Britain’s Sam Bird worked his way through the field to take third place in the Macau Grand Prix, behind Signature team-mates Edoardo Mortara and Jean-Karl Vernay.
The result went some way towards making up for the ART driver’s disappointment of 12 months ago when, also running third, he was taken out in the opening moments of the race.
This year he started seventh but slipped back thanks to an early mistake. Fighting his way back, he nabbed fourth from the hotly-tipped Marcus Ericsson on lap 12 and then inherited third from his team-mate Valtteri Bottas when the Finn dropped back with a wheel problem.
He said: “I know I only came third, and I know the other two guys were a long way ahead, but for me this is fantastic. I was heartbroken last year because I was taken out almost before the race had even started.
“I felt last year I had the speed to challenge possibly for victory, but it wasn’t to be. So I came back this year – hoping to be on the podium and hoping to win.
“I gritted my teeth and went for it at every corner of every lap. The car was a pleasure to drive actually. When I overtook Marcus I was screaming down the radio. I was so fired up with adrenaline, it was fantastic. It was a really enjoyable race.”
Mortara’s victory vindicated his decision to step back down to F3 after an underwhelming year in GP2 badly damaged his career prospects.
He said: “Today I proved that I am still competitive. After such a difficult season to be on top again is unbelievable. I think everybody was thinking that I was pretty much dead, so re-opening my career with a victory in Macau will for sure help me.”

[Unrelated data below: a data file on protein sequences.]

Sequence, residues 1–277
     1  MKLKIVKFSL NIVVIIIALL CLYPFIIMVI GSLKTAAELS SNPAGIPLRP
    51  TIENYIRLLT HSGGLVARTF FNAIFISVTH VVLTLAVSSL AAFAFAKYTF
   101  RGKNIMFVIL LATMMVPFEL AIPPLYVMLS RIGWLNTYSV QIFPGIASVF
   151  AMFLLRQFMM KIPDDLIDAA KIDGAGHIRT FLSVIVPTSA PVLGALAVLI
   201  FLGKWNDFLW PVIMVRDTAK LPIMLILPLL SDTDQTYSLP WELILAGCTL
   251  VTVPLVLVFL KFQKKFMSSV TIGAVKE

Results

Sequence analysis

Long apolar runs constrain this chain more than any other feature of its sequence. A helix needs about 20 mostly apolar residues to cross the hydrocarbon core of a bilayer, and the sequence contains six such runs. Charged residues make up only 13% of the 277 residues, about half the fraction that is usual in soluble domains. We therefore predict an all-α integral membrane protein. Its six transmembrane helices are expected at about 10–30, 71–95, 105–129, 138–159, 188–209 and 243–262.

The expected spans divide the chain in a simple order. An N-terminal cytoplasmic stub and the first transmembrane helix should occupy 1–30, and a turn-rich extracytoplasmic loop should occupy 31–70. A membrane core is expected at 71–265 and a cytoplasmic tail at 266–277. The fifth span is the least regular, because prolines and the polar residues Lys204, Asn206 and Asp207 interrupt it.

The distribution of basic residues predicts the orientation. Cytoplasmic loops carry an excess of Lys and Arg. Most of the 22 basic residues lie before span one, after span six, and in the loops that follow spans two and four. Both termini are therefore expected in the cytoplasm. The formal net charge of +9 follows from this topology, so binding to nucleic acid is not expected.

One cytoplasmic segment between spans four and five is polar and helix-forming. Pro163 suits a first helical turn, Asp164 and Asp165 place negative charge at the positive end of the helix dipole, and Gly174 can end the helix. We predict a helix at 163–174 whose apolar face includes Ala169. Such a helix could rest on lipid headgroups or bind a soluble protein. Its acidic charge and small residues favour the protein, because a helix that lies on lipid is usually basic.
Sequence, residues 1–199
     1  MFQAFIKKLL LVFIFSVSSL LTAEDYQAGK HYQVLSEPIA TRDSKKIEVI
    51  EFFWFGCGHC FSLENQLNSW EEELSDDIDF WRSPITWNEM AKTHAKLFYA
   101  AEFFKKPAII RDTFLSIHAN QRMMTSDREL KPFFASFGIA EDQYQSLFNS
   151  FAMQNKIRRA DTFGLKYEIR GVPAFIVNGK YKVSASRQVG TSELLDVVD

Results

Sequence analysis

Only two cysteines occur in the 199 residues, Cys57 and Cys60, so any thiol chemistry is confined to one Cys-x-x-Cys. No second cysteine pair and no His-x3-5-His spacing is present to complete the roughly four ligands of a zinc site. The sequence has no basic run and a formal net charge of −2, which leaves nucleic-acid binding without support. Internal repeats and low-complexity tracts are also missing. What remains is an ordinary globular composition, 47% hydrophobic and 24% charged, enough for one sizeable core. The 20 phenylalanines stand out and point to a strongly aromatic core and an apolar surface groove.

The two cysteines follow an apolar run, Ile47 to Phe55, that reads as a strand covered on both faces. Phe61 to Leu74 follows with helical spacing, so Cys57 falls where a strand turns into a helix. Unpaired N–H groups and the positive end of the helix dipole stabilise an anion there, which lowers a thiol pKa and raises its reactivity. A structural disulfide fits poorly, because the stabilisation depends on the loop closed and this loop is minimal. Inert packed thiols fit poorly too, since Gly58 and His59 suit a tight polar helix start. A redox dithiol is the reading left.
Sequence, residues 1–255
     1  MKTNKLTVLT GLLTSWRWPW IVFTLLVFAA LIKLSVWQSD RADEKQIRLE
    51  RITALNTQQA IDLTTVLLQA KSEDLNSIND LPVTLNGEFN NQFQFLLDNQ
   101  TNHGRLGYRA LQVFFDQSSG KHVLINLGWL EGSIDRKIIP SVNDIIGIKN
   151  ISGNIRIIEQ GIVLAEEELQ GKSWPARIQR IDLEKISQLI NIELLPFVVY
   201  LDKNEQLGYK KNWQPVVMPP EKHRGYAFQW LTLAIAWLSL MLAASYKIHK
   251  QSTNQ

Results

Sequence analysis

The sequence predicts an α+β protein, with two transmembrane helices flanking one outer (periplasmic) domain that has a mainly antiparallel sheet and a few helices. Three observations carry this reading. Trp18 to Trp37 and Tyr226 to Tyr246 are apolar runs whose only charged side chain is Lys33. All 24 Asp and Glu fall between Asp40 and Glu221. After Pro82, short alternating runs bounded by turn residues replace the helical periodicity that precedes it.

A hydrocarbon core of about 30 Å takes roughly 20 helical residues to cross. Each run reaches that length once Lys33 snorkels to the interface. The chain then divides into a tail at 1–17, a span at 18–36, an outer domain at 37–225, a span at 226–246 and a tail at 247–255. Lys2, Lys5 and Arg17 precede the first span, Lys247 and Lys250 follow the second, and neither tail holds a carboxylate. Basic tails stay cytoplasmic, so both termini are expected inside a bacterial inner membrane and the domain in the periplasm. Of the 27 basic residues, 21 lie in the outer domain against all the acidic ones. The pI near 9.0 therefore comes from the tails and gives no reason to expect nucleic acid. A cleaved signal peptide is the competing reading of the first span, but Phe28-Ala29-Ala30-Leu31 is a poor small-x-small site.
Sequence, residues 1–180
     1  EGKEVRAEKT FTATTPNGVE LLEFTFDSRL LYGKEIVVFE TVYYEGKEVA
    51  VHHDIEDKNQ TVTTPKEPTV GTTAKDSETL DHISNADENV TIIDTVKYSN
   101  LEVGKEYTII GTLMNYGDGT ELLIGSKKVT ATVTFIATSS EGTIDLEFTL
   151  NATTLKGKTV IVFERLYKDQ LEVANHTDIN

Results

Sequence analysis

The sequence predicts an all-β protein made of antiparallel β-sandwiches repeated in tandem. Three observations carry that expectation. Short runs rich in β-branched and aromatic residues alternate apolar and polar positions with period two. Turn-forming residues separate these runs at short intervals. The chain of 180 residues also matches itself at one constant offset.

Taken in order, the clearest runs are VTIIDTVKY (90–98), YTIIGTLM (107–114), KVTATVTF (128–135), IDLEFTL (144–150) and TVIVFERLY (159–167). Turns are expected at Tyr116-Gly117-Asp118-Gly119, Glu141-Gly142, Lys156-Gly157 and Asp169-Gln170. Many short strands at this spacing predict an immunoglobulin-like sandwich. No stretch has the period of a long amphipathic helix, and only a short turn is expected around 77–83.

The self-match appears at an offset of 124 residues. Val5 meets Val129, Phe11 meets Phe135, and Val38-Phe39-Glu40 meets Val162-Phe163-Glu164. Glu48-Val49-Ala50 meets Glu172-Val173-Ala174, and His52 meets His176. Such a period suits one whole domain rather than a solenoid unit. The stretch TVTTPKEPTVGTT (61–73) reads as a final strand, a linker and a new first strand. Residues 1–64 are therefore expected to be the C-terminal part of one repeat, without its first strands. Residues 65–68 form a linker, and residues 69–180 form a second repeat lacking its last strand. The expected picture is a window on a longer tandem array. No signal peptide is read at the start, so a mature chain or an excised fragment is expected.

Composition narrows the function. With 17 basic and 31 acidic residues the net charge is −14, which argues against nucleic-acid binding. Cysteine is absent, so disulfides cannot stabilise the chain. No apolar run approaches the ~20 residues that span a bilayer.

Starting from third, he outran Ericsson and rookie Vernay on the approach to the first big corner, Lisboa, but his chances of building a lead disappeared almost immediately when British F3 International champion Daniel Ricciardo hit the wall at the Solitude Esses.
The accident resulted in a blocked track and eight first-lap retirements, including Britons Daniel McKenzie and Max Chilton.
On the restart Vernay recaptured the lead, but Mortara refused to give up and dogged him through the rest of the race until lap 11 when a mistake changing gears left the young Frenchman vulnerable to a race-winning pass.
“I think Jean-Karl drove an unbelievable race today,” said Mortara. “I have the experience – it is my third Macau, it is his first Macau – he is in his first year here and I really struggled so much to overtake.
“This was his only mistake of the weekend and it cost him the victory. He is sad, but if he comes back he will win for sure.”
A disappointed Vernay said: “Yes, for sure, it is a good weekend – but when you are leading 12 laps of a 15 lap race and you lose the victory because of a mistake you can be angry. When you are at the maximum like that, at some point you will make a mistake, and that is what happened.”
Of the other British drivers, Henry Arundel and Alexander Sims were 16th and 18th of the 18 finishers and Wayne Boyd did not race.